From the estimation results of the short run error correction model in table 5 above, the coefficient of the error correction term is significant with expected negative sign, which implies that there is a feedback mechanism in the short run. The error correction model helps to correct for disequilibrium in the short run and therefore the negative coefficient in the results above in confirmation that there is no disequilibrium of the variables in the short run and relatively to the magnitude (0.1059). Its magnitude indicates that deviation from the long run equilibrium is adjusted quickly where 10.59% of the disequilibrium is removed each period. The result of R2 is also 0.648(64.8%). Which reveals that of Ethiopian oilseed export performance is caused by the explanatory variables included in the model, while 35.2% is by other variables, which were not included in the model. Furthermore, Fstatistic is significant with a probability of 0.00001, which implies that the model fit.
Furthermore, consumer price index, Gross Domestic product and Exchange rate are the significant determinants of the country ‘s oilseed exports in the shortrun. Consistent with expectation, Gross Domestic Product and Exchange rate are positively related with the country‘s oilseed exports and negative relation was found in the case of consumer price index.
The coefficients of the short run model show that consumer price index, GDP and exchange rate are significant; indicating that the variables significantly affect oilseed export performance of Ethiopia in the short run. In the estimation one period lagged price of oilseed were found to be insignificant and left out of the shortrun dynamics model. The insignificant price of oilseed variable may signify the possibility of failing price of oilseed in the shortrun. The result also shows that there is a short run causality running from consumer price index, Gross Domestic Product and exchange rate to oilseed export quantity while there is no short run causality running from price of oilseedtooilseed export quantity. Hence, there is short run and long run causality running from consumer price index, GDP, and exchange rate to oilseed export.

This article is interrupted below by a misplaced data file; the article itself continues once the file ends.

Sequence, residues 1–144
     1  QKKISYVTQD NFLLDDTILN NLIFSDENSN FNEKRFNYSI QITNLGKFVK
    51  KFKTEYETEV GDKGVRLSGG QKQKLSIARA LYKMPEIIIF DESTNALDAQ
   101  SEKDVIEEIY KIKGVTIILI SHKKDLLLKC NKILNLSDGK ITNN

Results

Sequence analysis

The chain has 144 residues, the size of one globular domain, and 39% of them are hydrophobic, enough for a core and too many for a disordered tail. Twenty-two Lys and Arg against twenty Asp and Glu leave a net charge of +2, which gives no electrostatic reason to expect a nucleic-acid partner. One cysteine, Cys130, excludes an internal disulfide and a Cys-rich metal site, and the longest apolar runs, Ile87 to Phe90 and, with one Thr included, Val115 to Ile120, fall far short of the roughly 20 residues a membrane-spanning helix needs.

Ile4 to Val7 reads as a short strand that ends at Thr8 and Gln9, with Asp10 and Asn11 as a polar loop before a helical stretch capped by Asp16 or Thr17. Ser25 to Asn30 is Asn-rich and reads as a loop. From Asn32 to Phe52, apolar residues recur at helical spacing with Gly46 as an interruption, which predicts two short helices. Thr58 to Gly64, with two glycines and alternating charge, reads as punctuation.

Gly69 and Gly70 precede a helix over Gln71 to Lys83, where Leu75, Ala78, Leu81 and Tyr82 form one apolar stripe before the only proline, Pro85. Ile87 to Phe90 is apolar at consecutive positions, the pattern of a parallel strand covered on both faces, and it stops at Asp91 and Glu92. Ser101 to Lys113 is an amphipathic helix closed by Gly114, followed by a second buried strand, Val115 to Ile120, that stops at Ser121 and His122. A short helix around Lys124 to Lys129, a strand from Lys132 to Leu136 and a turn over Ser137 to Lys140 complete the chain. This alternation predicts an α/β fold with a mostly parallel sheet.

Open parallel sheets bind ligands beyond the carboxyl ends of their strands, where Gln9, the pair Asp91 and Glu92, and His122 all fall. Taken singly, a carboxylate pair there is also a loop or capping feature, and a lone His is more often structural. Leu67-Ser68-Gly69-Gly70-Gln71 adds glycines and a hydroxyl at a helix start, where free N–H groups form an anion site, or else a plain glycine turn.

Diagnostics Test:
The model was tested for normality, serial correlation, autoregressive conditional, Heteroscedasticity and stability, the model is reasonably well specified, and tests results are (reported in Table 6 and Annex 1). Diagnostics tests also indicated that the residuals are normally distributed, homoscedastic and serially uncorrelated and the parameters appear to be stable.
Test 
Method of Test 
Statistics 
Probability 

Normality 
Jarque Bera Statistics 
^{χ}^{2}  statistics 
0.2788 
0.8699 
Serial Correlation 
BreuschGodfrey Serial 
F statistics 
0.0129 
0.9872 
Correlation LM test 
^{χ}^{2}  statistics 
0.0391 
0.9807 

Heteroscedasticity 
BreuschPaganGodfrey test 
F statistics 
1.1920 
0.3384 
Table 6: Diagnostics (Postestimation) test
Annex 1: Diagnostic tests for estimated long run equation:
Test for heteroscedasticity:
Heteroscedasticity Test: BreuschPaganGodfrey 











Fstatistic 
1.192036 
Prob. F (15,25) 
0.3384 

Obs*Rsquared 
17.09639 
Prob. ChiSquare (15) 
0.3131 

Scaled explained SS 
10.51427 
Prob. ChiSquare (15) 
0.7862 











Test for Serial Correlation:
BreuschGodfrey Serial Correlation LM Test: 












Fstatistic 
0.012873 
Prob. F (2,27) 

0.9872 
Obs*Rsquared 
0.039059 
Prob. ChiSquare (2) 

0.9807 










Test for Normality:
Test for Stability of Model:
Conclusions and policy implications:
Conclusions: